First things first, we have to wait and see if he’s even eligible to play.
Doesn’t it just feel like groundhog day?
If he passes all the concussion tests this week and avoids having to sit out (the eight day break between these games should help) then it’s time to make him the focal point.
And it’s not even that difficult to achieve.
There isn’t another player like Harvin in the NFL, and it’s why Seattle paid so much money to bring him here. Unlike many other elite receivers, you’re not relying on height, physical domination or route running to force the production.
All you have to do is give him the football. Percy does the rest.
Whether it’s an end around, jet sweep, wide receiver screen, bubble screen or even a good old hand off or pitch — Harvin can make big plays.
He’s elusive, he’s dynamic and he has a little ‘beast mode’ after contact.
One play sticks in my mind from Saturday. Seattle set up to throw a screen to Harvin — and he had great blocking by two other receivers in front.
Wilson looked right at Harvin but for some reason didn’t throw it — instead tucking and running for a minimal loss (it went down as one of three ‘sacks’ on the day).
There was no obvious reason why he didn’t throw it. John Lynch on the call suggested it was a bad grip on a wet ball — a complete guess — and then praised Wilson for the decision (????).
We’ll never know why he didn’t throw it. There was a defender who read the play, but he didn’t seem in a position to stop it happening. The worst case scenario of making the pass was a first down. The best case was a massive touchdown run that would’ve seriously padded the passing stats and made everyone forget about any ‘crisis’.
I sense that the real reason Wilson didn’t throw it was he’d been told to play very conservatively and avoid turnovers. Any hint of a mistake and live to fight another down. That won’t be Bevell’s doing — that’ll be Carroll.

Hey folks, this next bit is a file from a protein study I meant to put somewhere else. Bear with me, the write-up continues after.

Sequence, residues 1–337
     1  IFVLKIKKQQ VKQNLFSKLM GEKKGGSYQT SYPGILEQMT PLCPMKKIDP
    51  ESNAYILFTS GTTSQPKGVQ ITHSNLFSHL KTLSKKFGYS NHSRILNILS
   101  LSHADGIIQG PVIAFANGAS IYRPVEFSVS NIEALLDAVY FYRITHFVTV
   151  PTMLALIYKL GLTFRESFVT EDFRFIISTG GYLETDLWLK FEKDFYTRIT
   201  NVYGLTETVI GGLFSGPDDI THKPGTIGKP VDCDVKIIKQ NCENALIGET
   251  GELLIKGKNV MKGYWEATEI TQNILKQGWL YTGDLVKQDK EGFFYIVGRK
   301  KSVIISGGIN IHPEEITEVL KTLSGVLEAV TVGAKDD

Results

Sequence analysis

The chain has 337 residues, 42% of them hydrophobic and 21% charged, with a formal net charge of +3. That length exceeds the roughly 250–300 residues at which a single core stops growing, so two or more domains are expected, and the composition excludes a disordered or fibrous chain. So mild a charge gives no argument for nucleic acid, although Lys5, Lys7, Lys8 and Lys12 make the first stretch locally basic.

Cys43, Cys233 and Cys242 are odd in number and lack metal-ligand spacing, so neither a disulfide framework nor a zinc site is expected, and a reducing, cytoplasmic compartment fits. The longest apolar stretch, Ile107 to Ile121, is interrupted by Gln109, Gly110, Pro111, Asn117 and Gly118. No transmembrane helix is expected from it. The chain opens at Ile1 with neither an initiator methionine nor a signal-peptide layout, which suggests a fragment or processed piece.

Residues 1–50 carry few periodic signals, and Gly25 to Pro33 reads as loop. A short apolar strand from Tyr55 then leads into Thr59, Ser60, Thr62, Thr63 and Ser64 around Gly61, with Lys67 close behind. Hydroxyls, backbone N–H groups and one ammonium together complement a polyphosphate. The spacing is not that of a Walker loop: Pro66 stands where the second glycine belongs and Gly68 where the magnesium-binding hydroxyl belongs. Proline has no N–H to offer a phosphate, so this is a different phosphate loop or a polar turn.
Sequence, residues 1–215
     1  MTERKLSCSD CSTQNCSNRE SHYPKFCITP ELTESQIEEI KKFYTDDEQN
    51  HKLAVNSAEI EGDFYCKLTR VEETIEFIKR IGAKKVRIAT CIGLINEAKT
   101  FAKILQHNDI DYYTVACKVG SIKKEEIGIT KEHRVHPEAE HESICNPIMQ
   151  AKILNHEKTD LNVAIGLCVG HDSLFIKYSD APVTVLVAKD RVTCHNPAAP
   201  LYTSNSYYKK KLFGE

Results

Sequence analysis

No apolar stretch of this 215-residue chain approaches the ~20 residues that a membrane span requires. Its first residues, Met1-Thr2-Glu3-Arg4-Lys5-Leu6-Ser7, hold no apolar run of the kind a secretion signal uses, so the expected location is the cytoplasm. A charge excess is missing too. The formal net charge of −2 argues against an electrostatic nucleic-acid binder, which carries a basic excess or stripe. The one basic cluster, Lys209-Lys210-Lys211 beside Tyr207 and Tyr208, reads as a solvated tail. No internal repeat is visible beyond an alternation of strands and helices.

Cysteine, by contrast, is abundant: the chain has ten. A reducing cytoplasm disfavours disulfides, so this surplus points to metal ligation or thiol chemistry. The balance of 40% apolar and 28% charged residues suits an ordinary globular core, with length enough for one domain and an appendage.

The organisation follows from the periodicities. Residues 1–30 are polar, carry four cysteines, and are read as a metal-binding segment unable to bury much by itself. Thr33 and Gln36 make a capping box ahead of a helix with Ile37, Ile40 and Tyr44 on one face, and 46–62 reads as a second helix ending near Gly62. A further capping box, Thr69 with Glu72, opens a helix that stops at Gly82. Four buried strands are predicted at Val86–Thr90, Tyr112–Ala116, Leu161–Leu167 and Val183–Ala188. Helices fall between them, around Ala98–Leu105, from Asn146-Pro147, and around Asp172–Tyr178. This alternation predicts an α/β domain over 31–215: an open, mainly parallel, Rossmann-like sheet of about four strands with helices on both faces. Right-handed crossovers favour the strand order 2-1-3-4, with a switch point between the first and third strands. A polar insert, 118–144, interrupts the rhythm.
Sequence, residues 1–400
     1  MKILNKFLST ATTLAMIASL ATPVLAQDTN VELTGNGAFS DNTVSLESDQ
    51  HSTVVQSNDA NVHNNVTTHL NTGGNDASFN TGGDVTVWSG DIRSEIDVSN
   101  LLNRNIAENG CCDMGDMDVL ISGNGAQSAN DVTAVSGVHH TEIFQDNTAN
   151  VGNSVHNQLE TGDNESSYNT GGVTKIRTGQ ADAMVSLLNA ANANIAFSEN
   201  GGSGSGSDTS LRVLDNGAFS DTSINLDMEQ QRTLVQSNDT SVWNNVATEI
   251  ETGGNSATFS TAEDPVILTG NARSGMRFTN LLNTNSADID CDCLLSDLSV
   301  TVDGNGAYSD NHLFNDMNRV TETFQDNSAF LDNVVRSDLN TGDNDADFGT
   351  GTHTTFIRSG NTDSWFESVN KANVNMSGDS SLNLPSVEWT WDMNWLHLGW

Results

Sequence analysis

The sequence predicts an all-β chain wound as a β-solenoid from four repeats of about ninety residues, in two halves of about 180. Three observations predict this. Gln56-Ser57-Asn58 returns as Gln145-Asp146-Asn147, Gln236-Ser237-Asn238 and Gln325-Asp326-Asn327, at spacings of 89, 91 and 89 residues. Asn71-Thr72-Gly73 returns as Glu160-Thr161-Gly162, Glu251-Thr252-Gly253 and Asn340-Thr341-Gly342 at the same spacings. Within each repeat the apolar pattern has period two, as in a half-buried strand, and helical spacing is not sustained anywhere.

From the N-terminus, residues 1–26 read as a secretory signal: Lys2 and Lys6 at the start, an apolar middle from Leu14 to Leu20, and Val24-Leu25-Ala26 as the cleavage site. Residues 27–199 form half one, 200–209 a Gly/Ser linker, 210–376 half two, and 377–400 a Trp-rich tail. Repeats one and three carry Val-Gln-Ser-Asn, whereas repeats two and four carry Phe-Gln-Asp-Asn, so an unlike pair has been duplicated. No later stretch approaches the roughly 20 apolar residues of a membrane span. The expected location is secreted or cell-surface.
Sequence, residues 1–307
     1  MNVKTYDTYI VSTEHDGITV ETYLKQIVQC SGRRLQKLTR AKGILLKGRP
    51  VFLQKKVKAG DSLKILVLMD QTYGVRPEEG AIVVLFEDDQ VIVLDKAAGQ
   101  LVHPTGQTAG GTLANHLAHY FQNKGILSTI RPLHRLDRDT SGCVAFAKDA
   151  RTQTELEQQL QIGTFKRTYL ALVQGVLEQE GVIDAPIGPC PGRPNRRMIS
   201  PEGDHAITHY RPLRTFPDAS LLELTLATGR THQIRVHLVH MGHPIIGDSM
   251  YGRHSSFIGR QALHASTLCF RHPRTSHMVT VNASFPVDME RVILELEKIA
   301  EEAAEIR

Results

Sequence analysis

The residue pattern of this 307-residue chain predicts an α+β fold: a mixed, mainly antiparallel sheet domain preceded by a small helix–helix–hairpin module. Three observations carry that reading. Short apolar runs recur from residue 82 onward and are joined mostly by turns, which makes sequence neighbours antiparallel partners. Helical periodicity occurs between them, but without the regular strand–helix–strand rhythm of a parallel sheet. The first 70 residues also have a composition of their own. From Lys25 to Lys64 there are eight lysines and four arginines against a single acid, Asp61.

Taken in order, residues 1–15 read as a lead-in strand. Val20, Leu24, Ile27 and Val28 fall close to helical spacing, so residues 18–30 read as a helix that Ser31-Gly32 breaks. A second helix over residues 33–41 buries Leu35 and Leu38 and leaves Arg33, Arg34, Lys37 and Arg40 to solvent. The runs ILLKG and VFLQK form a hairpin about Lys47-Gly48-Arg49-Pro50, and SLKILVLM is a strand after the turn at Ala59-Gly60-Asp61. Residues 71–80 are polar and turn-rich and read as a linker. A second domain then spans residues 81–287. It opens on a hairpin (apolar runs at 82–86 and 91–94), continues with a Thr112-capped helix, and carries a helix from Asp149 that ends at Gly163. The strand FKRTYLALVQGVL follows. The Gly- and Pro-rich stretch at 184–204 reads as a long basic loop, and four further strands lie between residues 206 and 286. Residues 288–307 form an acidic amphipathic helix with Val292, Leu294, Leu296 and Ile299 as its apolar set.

The presence of that defender just put a little doubt in his mind, so he bailed.
‘Better safe than sorry’ they might say.
I’d suggest a slightly different approach against the 49ers.
PC: “Russell, more of the same please. I want you to play safe, control the clock and avoid turnovers like your life depends on it. But by the way, feed the ball to Percy. Get it in his hands. If you’re going to take any small risks, do it throwing to our most dynamic player.”
Even if San Francisco does a first rate job defending Harvin when he has the ball, they’ll need to track him whenever he’s on the field. He’s a sensational decoy. The suggestion anyone actually can do a first rate job defending him seems fanciful.
It’s also harder to knock a guy out of a football game when he’s running straight at you with the football.
Throwing downfield leaves him defenseless. Throwing it to him in the backfield makes him dangerous.
Of course all this depends on Harvin making it to game day.
That’ll be an agonising wait in what already promises to be the longest week of the year.
Is he ready for a big workload? I think so. We saw enough flashes against New Orleans. And to quote Carroll, “If he’s playing, he’s playing.”
It just makes too much sense to feed him the ball if he does make it. If anything, it’s just another example of conservative football. You’re not even giving the defensive backs a chance to get their hands on it. You’re not giving the defensive linemen a chance to sack your quarterback. You’re taking the pressure off Wilson.
Straight from the snap you’re putting the ball in the hands of a guy who had nine catches for 89 yards last time he played the 49ers. He also had a nine yard rush and 74 return yards.
And his team won 24-13.